Cell therapies are therapies where cellular materials are injected, grafted, or implanted into the patient body to produce medicinal effects. As a growing field, cell therapy has demonstrated significant potential in the treatment of diseases ranging from diabetes and soft tissue wounds to cancer, nervous system, and genetic disorders. Despite the promising results from cell therapies, the manufacturing process of these therapies is associated with issues such as a lack of appropriate small-scale models and poorly defined manufacturing processes which contribute to the high cost of these therapies. Cell culture is the longest step in the manufacturing process of cell therapies, and the characteristics of cells could be affected by critical parameters in the cell culture environment, such as pH, dissolved carbon dioxide (DCO2), and dissolved oxygen (DO). Therefore, cell culture is one of the mostcritical steps in the manufacturing process of cell therapies because it defines the quality and efficacy of cell therapies. The integration of sensors with the manufacturing process helps in optimizing critical environmental parameters and mitigating problems at the early stages of the process. Therefore, bioreactors, as valuable platforms for cell culture processes, must be equipped with sensors to measure the critical process parameters and develop appropriate control methods. Despite the advantages that monitoring systems provide, their presence in the cell culture environment increases the risk of contamination. Avoiding contamination in the manufacturing process of cell therapies is of high importance because the final products in these processes are cells. Unlike other biologics, cells cannot be sterilized due to being fragile. Therefore, developing a noninvasive monitoring technique is beneficial because it helps eliminate the chance of contamination during the monitoring process. This dissertation is an effort to develop a technology capable of simultaneous monitoring of pH, DCO2, and DO without requiring direct contact with the cell culture environment. Sensors for monitoring pH, DCO2, and DO analytes were previously developed at CAST. The techniques were further developed to achieve noninvasive methods for monitoring pH, DCO2, and DO. The principles utilized in noninvasive techniques, the experimental studies, and the results are discussed in this report. Subsequently, the flow cell, the technology designed for simultaneous monitoring of pH, DCO2, and DO outside the bioreactor, is introduced. The flow cell was developed by combining the principles utilized in individual noninvasive techniques for monitoring pH, DCO2, and DO. The proposed flow cell prototype was investigated in multiple experiments, and the results from studies indicate the efficacy of flow cell in tracking changes inside the bioreactor.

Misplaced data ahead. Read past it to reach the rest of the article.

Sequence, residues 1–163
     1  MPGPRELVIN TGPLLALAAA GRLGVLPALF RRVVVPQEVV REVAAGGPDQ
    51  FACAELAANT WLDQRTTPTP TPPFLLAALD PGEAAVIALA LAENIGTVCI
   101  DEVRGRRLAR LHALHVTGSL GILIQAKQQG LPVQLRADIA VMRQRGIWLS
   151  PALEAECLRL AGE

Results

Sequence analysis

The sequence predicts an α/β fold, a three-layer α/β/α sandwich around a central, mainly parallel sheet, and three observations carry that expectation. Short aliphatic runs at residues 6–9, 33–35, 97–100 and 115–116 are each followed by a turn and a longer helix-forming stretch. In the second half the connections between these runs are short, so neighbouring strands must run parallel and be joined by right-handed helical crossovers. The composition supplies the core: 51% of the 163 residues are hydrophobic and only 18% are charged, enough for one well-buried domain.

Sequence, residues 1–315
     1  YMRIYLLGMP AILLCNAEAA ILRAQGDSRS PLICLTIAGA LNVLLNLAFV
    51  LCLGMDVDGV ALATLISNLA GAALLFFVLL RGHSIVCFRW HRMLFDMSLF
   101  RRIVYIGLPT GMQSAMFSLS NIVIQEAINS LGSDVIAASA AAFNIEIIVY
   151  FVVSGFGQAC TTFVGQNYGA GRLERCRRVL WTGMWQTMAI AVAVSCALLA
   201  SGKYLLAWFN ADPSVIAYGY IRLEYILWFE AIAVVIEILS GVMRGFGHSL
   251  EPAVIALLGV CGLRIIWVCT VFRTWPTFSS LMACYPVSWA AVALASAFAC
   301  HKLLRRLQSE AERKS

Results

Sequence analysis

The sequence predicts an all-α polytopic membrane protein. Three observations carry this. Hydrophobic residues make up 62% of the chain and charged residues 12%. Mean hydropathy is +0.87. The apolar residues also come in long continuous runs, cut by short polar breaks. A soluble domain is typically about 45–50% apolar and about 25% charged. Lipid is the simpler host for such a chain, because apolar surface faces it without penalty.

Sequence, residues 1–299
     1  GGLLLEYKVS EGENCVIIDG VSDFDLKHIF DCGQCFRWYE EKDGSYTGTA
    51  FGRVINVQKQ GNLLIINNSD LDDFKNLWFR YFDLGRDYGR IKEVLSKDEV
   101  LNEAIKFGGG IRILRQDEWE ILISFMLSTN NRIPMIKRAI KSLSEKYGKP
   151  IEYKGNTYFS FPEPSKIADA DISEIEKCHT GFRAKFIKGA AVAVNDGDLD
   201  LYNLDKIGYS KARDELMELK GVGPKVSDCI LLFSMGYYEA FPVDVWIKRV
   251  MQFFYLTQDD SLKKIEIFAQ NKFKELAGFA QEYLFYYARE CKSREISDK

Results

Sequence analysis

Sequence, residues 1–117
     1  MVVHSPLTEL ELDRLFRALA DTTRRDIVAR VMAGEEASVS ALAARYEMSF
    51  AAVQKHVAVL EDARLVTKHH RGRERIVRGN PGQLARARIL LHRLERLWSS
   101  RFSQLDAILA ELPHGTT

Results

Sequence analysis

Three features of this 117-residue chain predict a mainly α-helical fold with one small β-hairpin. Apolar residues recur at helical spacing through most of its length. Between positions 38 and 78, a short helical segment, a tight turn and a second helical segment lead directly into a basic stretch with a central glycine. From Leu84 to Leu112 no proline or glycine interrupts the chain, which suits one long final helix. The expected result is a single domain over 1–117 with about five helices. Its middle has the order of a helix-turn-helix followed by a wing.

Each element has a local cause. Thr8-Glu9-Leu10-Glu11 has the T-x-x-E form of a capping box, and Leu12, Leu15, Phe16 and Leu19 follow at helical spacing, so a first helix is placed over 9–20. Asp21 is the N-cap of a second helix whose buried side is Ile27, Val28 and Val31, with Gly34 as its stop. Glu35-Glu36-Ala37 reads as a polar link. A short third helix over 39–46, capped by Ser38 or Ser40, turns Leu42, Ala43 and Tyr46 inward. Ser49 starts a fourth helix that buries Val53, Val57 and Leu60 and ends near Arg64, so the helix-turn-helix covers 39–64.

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    EFFECTS OF TRANSITION METALS IN PARTICULATE MATTER ON OXIDATIVE POTENTIAL MEASUREMENTS USING PHOSPHATE-BASED ACELLULAR ASSAYS
    (2023-01-01) Yalamanchili, Jayashree; Hennigan, Christopher J Reed, Brian E; Chemical, Biochemical & Environmental Engineering; Engineering, Chemical and Biochemical